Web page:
Theo Simpson

How one London neighborhood is dealing with its troubling public space problem, using a bike.

Slowly, the northwest London suburb of Cricklewood seems to have lost all of its favorite gathering places. The library closed in 2011, and the neighborhood's famous Galtymore Ballroom, once a de facto center for the area's Irish community, shuttered in 2008. Somehow, there isn't even a public bench.

As a way to draw attention to this problem, and offer a small and temporary solution, civic ideas agency Spacemakers has come up with a novel idea: a pop-up town hall, on wheels. Built on the back of a rickshaw bicycle, the faux-brick covered Cricklewood Town Square was designed by  Studio Kieren Jones. The impromptu public square is touring the area for the month of September, hosting events in some of the area's more desolate outdoor spaces. Parking lots seem to be a particular favorite. 

Theo Simpson

The stand parked over the weekend in a grassy area by the neighborhood's large B&Q, a home improvement store. Already, specially planned events have included a "Cricklewoof" dog show and a session where local residents could make signs outlining their vision for the dos and don'ts of the neighborhood's new public space. In the coming weeks, the town square will set up in front of a large bingo hall and on the roof of a parking garage.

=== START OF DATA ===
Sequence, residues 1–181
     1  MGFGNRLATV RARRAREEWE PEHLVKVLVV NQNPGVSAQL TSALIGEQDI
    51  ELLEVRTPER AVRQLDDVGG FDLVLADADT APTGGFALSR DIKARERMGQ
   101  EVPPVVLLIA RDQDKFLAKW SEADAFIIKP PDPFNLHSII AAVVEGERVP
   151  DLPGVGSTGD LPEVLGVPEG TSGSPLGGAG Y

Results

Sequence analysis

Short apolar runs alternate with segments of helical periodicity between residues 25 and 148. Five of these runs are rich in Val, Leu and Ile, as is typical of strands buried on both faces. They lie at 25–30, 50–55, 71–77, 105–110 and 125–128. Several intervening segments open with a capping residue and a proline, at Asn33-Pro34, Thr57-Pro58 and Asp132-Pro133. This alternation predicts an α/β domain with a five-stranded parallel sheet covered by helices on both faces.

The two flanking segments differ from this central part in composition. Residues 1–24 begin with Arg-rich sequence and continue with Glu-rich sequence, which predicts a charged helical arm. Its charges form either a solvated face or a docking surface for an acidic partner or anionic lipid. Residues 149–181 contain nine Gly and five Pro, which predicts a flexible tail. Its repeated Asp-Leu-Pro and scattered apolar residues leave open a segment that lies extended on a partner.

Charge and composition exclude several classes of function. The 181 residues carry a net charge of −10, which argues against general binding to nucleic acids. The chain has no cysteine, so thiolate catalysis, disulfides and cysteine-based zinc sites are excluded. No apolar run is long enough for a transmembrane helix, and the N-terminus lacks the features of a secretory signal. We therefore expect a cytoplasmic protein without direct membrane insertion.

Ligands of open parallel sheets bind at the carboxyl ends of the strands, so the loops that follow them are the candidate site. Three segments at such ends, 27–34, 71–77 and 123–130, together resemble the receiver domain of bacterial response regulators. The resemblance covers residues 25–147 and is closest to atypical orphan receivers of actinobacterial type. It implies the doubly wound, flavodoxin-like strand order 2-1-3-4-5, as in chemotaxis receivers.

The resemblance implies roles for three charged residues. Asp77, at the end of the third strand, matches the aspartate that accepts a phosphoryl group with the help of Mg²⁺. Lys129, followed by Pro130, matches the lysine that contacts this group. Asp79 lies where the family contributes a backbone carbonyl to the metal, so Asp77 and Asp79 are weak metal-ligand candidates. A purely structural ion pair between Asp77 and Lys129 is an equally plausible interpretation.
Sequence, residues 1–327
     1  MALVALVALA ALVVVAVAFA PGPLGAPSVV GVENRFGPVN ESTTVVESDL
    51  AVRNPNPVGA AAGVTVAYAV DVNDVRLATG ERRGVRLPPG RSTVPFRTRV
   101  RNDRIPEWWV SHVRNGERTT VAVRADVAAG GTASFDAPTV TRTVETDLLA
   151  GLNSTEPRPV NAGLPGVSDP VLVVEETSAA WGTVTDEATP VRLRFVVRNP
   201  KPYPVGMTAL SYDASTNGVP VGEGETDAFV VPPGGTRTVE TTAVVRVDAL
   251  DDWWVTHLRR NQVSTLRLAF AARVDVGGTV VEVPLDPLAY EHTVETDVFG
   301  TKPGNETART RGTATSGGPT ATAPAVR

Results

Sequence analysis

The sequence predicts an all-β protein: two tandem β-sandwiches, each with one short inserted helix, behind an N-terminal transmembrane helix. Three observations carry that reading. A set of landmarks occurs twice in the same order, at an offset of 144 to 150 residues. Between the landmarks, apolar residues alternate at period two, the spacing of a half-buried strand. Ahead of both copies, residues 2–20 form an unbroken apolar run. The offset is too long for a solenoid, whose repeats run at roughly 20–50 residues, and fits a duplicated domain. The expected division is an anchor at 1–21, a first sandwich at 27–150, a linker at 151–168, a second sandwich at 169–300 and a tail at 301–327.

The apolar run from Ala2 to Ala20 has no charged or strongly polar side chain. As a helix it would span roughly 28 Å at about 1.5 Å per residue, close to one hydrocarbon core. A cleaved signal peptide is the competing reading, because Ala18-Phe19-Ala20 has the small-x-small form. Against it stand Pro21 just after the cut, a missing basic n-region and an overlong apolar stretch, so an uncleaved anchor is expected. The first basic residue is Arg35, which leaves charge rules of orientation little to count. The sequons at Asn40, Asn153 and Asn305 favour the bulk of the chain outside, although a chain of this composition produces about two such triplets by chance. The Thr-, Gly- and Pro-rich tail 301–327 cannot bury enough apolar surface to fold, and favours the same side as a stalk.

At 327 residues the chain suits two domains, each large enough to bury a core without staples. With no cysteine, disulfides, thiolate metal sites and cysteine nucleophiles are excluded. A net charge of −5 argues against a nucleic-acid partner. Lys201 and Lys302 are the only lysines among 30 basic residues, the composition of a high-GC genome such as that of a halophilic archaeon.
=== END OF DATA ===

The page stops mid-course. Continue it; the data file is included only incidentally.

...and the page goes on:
Theo Simpson

The project is partially funded by the Mayor’s Outer London Fund, which has dedicated £1.67 million for a more permanent overhaul of Cricklewood.

So this mobile town hall is really just the start. And, as The Independent put it, "It sounds very twee, but it highlights a larger problem with Britain’s public spaces."

(h/t Designboom)

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